Like their old boss Bob Dylan, The Band kept one booted foot in a previous century, playing antique instruments and singing uncynically about old-fashioned topics, creating a “campfire” atmosphere at “Big Pink” and their other studios.
Nothing like a group that’s 80% Canadian singing about The War of Northern Aggression. Fortunately, the other 20% is Levon Helm, whose dramatic performance here turns a period piece that could have been a “Schoolhouse Rock” episode into a mournful piece of folk-rock. Helm’s vocals alone are perfectly evocative of the song’s character, but subtler and more crucial is his simultaneous drumming, skipping like a heartbeat whenever he gets to the really sad parts. With the rest of the Band bobbing and weaving within that perfect John Simon production, they get closer than ever to achieving their goal of escaping to a sepia-toned past.
So it came to pass that a Canadian wrote a song about the Civil War, recorded it in a Rat Packer’s Hollywood Hills home, and made it a hit with millions of anti-war hippies.
Making the Basement Tapes was so much more enjoyable than any experience we’d ever had in the studio before, so we thought there must be something to that concept. When you look at it objectively, this [basement in Big Pink, located in Woodstock, New York] is the worst recording circumstance, scientifically, known to man. We’re in a place that has a cement floor, concrete walls and a furnace in the middle of it. This is exactly what you don’t do in a recording studio. But there’s a whole eye contact thing going on there when you set up close together in this sort of horseshoe with a tape recorder at the end. You get to use the whole silent lingo of playing music — where you look at the guy next to you and you indicate, “I’m going to go up here,” or “I’m going to come in here with this vocal,” or “I’m going to that weird chord change now”; all the signals that you use in music. You could really see one another, and there was something about that that was great. It was like some kind of mountain music setup or a living room thing. That’s how we were most comfortable.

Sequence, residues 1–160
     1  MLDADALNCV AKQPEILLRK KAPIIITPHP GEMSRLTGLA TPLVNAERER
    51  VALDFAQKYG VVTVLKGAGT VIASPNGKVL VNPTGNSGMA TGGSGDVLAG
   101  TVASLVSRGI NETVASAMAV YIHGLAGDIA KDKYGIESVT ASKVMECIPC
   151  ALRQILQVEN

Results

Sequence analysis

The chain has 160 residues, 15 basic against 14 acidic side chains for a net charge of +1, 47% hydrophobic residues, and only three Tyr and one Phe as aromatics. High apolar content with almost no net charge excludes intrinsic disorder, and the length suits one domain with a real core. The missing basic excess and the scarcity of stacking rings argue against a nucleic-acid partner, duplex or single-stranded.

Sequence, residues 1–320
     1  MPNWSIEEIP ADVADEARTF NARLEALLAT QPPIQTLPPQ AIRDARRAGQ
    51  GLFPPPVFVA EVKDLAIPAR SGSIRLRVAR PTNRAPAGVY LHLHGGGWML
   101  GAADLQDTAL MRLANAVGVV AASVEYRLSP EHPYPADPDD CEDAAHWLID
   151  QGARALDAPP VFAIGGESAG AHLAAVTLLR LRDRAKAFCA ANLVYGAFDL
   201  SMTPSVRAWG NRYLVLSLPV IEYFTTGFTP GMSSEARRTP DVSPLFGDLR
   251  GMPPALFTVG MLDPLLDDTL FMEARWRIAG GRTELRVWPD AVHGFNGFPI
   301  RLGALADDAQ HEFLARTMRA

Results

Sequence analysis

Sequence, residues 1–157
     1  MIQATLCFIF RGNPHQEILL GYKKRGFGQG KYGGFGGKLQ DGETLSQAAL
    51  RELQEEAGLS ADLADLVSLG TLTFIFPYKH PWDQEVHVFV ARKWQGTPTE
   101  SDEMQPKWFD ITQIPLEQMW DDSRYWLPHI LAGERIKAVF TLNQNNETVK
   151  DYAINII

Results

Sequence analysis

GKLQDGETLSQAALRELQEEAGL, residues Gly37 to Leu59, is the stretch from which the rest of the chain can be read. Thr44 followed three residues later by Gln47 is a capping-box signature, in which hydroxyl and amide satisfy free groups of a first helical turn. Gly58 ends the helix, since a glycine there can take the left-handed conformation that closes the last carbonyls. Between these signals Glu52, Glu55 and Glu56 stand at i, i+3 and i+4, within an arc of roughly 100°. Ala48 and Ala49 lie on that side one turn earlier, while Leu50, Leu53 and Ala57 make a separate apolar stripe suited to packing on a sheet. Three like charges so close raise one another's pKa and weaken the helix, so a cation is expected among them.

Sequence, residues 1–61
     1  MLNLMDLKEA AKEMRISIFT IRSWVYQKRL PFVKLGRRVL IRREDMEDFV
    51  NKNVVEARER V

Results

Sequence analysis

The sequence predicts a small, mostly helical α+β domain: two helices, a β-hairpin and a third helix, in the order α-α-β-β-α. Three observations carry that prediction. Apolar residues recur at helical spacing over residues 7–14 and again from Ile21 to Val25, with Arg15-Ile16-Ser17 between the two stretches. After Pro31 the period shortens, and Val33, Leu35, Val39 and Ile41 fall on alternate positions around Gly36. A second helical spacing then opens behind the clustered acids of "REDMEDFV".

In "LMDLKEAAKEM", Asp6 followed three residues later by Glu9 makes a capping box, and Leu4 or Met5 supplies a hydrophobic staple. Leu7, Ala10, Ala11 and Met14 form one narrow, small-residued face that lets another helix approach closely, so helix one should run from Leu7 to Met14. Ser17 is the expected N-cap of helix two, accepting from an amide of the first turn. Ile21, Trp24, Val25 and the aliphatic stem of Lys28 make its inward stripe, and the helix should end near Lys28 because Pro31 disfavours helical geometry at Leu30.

So that was the philosophy that sent us in that direction, and that’s why we eventually ended up in Sammy Davis Jr.’s pool house to make our second album.
That house was a fifteen-minute drive from the home where Sharon Tate would be slaughtered that August — a twisted act of revenge against a long-gone former resident, the record producer Terry Melcher, who’d snubbed a would-be folk rocker named Charles Manson.
The Sixties might not have been that bad, in light of previous eras, but hell, they were bad enough — and would soon be on permanent life support, after crashing at the intersection of Cielo Drive and Altamont; some would say, not a moment too soon.
Maybe even Levon Helm. As he noted when looking back on the making of the album, it was an era of:
Tune in turn on drop out that kind of thing. Hate your mom and dad and don’t trust anybody over thirty and a bunch of other stuff that didn’t make a lot of sense. We just steered clear of all that..